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Nick Shepperd: junior character artist interview

Nick Shepperd

Junior Character Artist

Junior character artist Nick Shepperd discusses breaking into the industry and the industry standards he learned while at Think Tank Training Centre…

Nick's profile

Adam

Tell us a little bit about yourself: Who are you, what do you do, and where are you located?

Nick

I am a Junior Character Artist who has experience and education in the games' industry, having attended Think Tank Training Centre and worked as a mobile artist at Scientific Games. I have a background in both traditional- and digital-based sculpture. To be frank, I'm just a guy who loves nerd culture and wants to be a part of the industry that has made me who I am.

Adam

What was the workflow behind your latest gallery image? Where did the idea come from?

Nick

The workflow behind the piece was the basic workflow I was taught at Think Tank Training Centre. It involves doing a quality block out where all of the individual assets are present to give an accurate sense of silhouette and character proportion. After completing the block out and having the foundation of the character sculpt in place, I then go into a cut-out stage where I separate all of the individual assets and apply subdivisions to them through the Dynamic SubDiv tool within ZBrush. Then after the cut-out stage is complete I move forward with the fitting and detail stage.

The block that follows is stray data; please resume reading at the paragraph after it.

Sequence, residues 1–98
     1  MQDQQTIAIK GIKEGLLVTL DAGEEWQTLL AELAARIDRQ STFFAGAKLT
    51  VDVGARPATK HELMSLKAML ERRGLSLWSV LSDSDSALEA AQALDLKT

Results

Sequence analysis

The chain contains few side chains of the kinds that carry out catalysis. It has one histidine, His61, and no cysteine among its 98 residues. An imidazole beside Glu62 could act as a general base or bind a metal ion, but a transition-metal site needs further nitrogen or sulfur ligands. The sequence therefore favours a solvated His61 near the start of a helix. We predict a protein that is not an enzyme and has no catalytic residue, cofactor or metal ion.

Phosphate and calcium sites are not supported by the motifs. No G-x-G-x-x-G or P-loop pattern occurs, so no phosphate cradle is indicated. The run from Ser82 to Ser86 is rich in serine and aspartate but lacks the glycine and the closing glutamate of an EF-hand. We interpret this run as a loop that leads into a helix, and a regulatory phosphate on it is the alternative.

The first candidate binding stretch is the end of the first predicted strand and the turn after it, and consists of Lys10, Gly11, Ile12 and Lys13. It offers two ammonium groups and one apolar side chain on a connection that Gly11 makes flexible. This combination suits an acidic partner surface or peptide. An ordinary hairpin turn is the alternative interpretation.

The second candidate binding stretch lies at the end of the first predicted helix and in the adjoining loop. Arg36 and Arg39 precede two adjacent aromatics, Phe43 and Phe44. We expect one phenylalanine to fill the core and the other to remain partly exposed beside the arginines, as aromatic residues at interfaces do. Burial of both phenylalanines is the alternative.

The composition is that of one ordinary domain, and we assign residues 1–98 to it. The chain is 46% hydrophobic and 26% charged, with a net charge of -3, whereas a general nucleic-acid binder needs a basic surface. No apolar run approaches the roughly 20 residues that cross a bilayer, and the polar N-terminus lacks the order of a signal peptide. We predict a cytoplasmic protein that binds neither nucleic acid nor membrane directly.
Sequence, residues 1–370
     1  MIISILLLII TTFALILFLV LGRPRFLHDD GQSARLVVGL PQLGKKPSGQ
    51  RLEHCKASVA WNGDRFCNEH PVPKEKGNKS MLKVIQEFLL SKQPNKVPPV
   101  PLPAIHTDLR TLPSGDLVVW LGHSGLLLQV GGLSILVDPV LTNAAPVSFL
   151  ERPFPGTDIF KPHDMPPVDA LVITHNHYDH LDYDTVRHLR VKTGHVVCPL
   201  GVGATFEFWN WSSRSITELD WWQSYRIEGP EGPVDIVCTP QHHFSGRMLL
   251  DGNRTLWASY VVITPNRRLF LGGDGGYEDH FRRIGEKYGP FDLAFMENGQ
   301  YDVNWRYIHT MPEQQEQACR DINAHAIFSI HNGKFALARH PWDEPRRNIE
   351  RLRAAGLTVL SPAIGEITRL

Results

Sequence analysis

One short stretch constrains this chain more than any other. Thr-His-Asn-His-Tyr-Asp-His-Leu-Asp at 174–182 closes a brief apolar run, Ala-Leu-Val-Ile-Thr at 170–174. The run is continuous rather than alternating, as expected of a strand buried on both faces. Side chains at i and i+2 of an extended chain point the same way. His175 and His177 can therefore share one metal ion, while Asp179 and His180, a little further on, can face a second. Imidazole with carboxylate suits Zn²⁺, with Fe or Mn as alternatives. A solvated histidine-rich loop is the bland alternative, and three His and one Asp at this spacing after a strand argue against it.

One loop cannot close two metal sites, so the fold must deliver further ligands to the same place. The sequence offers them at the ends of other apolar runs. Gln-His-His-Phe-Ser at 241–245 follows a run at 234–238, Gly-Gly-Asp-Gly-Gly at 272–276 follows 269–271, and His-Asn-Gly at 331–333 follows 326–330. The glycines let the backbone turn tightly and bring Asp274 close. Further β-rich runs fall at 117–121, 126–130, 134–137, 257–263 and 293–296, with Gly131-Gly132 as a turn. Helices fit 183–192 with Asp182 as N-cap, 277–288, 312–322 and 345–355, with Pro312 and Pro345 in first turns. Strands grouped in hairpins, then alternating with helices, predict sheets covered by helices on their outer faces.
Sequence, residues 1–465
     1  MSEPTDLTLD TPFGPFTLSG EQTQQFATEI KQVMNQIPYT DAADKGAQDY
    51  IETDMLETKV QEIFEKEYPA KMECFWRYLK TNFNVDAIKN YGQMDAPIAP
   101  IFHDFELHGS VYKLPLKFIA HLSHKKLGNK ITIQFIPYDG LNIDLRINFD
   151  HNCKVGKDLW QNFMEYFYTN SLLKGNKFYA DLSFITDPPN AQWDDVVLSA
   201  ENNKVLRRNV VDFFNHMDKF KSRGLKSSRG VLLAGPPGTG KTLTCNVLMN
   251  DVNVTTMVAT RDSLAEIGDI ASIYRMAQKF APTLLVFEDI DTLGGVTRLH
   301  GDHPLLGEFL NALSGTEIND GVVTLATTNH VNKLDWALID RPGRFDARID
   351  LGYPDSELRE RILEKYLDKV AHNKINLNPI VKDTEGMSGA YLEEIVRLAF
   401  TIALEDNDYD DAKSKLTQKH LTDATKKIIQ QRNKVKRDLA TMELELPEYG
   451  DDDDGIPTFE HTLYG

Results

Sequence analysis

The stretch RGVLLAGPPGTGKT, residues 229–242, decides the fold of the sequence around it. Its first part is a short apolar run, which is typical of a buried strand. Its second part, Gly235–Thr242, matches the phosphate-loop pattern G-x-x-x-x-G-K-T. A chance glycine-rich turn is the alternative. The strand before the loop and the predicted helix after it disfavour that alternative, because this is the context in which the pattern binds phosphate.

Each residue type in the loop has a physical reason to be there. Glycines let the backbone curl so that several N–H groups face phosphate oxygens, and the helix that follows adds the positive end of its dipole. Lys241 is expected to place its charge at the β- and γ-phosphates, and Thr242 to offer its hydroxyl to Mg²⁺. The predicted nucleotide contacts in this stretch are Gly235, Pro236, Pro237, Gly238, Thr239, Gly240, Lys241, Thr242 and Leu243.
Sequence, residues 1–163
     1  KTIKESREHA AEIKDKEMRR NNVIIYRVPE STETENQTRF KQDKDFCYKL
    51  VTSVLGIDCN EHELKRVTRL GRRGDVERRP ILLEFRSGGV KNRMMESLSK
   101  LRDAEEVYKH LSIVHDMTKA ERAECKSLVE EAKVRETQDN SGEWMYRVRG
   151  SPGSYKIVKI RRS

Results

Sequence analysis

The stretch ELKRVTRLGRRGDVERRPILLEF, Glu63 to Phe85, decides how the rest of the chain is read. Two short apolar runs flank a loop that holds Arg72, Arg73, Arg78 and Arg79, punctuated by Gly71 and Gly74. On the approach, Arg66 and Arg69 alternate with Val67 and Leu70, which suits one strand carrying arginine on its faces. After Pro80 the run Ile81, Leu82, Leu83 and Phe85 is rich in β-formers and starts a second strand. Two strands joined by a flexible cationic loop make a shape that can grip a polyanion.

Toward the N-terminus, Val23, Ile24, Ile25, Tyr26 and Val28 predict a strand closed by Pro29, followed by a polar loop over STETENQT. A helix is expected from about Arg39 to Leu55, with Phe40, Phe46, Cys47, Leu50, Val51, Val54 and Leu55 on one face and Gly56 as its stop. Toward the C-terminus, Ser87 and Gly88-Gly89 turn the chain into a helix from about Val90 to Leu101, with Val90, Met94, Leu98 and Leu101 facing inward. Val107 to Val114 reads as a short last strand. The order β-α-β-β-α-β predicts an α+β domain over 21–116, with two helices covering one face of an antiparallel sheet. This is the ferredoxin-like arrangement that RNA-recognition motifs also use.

Once I complete the sculpt in ZBrush I then move forward with the traditional character pipeline for games which involves creating the low-poly model in Maya by quad drawing over the decimated mid rez. After completing the low-poly with the quad draw tool I create UVs in Maya and separate the assets based on material, so I can have universal texel density across my assets.